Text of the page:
The annual Bud Billiken Parade will send an array of floats down Chicago's streets Saturday morning.
The Chicago tradition dating back to 1929 celebrates African American culture and Black youth heading back to school. The parade will kick off at 10 a.m. Saturday.
According to organizers, it's one of the largest Black parades in the country -- and this summer is the first time since 2020 that participants will march the full, two-mile parade route.
The parade, which is expected to be attended by more than 10,000 spectators, features over 200 marching bands, drills teams, dance teams, tumblers and more. It also awards school scholarships and has donated thousands of schools supplies to Chicago students, organizers say.
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Mayor Lori Lightfoot, Chicago Public Schools CEO Pedro Martinez and additional senior CPS members are expected to join the parade's festivities.
The parade's Grand Marshal will be Jeremih, Grammy-nominated R&B singer and Morgan Park High School graduate.
According to a press release, the Chicago native will donate hundreds of school supplies and book bags during the event.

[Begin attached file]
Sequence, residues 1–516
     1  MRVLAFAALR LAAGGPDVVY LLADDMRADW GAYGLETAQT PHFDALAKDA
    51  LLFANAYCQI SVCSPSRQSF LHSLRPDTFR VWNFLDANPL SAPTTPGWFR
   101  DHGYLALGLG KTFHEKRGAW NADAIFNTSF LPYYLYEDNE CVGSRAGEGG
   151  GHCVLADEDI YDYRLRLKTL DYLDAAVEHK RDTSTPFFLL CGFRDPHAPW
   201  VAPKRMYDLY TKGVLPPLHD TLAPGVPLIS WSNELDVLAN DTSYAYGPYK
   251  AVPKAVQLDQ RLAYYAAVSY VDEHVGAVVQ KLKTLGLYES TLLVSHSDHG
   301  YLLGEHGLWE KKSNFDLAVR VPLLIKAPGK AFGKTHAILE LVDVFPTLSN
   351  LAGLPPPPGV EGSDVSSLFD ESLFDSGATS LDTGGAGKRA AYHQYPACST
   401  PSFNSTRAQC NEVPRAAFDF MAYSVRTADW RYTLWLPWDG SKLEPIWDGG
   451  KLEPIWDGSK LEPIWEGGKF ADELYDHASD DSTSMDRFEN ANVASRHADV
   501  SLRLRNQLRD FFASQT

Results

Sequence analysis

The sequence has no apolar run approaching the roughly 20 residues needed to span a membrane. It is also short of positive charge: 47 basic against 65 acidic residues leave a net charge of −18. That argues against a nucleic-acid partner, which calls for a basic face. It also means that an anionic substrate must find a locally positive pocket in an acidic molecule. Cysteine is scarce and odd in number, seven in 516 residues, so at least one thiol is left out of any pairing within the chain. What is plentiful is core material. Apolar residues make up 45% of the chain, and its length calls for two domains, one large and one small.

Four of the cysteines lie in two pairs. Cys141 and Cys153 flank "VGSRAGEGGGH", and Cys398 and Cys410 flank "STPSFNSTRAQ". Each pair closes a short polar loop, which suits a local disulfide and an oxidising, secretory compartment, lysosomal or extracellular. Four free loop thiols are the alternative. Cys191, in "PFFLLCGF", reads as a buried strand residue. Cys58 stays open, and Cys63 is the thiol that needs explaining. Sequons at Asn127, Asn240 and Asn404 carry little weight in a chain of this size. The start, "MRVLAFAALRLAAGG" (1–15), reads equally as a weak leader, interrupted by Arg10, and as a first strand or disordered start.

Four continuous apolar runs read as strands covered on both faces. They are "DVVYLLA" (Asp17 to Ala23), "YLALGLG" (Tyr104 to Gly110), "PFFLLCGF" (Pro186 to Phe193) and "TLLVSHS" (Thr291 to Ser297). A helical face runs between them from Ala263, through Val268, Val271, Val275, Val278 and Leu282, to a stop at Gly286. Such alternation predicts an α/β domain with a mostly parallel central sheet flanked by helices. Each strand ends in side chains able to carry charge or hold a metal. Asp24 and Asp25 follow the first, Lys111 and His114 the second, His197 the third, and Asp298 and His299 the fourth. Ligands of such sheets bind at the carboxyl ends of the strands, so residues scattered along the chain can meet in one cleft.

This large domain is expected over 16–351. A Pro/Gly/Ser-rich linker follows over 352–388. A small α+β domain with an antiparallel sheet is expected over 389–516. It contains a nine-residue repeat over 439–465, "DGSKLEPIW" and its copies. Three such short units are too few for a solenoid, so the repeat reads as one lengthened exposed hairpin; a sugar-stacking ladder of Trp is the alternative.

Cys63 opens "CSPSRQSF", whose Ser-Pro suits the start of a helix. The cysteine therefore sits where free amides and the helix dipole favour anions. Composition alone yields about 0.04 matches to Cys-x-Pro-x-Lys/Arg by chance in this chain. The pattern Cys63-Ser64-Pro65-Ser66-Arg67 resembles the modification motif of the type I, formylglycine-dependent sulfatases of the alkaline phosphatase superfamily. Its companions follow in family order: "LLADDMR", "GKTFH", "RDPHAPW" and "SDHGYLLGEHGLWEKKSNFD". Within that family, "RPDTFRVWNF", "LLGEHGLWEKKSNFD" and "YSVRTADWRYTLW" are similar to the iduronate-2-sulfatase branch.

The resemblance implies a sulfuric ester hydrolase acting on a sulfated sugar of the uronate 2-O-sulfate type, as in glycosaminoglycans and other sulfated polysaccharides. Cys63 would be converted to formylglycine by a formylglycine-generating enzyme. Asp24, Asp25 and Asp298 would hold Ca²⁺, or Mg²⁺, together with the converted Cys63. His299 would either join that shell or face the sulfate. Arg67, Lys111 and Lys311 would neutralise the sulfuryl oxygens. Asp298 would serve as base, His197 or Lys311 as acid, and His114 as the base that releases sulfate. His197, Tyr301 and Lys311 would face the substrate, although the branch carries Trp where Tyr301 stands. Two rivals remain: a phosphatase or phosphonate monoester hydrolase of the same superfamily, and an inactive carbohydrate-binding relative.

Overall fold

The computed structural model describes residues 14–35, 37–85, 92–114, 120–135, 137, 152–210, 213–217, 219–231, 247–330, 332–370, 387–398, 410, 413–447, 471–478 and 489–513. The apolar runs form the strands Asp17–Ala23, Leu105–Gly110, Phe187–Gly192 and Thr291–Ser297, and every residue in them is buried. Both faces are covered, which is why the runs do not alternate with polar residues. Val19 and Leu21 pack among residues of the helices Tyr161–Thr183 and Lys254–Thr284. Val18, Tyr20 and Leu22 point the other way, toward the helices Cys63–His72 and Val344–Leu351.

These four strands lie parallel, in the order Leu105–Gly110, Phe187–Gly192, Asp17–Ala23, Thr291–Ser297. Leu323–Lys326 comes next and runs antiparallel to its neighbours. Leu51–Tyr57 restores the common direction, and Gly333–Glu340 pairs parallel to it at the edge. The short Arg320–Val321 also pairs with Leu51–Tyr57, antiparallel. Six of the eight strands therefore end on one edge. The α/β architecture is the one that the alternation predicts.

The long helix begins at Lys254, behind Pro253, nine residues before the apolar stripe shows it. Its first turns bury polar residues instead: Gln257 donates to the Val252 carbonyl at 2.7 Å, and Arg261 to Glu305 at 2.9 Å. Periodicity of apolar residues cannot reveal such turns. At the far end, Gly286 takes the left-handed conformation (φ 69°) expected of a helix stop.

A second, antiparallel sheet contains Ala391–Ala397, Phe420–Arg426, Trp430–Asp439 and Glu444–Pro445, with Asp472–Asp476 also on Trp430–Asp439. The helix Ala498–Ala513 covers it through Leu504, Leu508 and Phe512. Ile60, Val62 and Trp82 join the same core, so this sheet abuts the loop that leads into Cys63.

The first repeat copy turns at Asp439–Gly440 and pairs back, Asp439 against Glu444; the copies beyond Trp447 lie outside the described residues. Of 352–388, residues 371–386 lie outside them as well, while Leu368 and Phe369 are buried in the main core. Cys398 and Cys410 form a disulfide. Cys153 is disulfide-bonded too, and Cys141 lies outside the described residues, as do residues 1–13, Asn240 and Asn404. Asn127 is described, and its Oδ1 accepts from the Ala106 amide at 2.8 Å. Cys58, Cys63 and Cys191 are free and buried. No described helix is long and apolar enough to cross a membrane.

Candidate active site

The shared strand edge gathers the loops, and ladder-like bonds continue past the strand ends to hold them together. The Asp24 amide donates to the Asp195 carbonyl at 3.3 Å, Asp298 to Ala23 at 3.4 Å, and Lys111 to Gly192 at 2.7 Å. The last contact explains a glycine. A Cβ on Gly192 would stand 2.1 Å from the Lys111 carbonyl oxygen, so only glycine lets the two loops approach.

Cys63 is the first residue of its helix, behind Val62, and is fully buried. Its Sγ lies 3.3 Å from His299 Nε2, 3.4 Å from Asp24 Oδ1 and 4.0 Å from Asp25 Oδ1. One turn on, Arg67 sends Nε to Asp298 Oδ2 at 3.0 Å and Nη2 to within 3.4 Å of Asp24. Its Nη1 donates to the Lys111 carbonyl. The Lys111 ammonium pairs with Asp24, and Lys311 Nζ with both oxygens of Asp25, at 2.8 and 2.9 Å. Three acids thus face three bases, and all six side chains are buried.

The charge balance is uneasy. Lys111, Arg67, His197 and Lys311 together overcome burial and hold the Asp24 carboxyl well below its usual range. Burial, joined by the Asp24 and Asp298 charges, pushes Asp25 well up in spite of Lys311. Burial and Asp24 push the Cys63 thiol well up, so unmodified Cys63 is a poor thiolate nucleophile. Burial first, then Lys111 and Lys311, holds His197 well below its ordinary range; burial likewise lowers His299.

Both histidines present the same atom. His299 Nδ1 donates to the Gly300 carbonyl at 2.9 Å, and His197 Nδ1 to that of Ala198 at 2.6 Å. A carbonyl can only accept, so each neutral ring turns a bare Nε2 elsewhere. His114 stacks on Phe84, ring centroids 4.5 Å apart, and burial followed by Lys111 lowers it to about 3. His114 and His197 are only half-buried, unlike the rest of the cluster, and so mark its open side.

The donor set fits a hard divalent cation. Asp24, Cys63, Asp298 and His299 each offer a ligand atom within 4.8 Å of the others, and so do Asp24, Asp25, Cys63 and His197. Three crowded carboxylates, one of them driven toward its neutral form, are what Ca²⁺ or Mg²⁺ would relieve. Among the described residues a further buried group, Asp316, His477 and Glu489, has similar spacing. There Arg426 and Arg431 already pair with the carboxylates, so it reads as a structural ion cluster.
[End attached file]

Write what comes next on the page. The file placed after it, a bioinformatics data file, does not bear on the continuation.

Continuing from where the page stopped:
“I am excited and honored to pay homage to the legacy of the Bud Billiken parade, which is a huge part of my childhood.” Jeremih said in the release.
Here's when the parade begins, where it takes place and more.
Parade start time: 10 a.m. Saturday
Parade procession and two-mile route: Beginning in Bronzeville at 39th Street and Martin Luther King Drive, the procession will head south of King Drive, through Washington Park. The parade ends at Garfield Boulevard on 55th Street.
Festival: The event continues after the parade with a family-friendly event at Washington Park until 4 p.m.
Getting There: As some streets may be closed, public transportation or ridesharing is advised. According to the TA, extra bus service will be provided on several routes that serve the parade area, including #3 King Drive, $3 Cottage Grove, #15 Jeffery Local, #29 State, #43 43rd, #47 47th, and #55 Garfield.
Security: According to Chicago Police Department Supt. David Brown, as part of security measures, Chicago police officers will specifically be paying attention to rooftops, and are asking the public to report any suspicious behavior.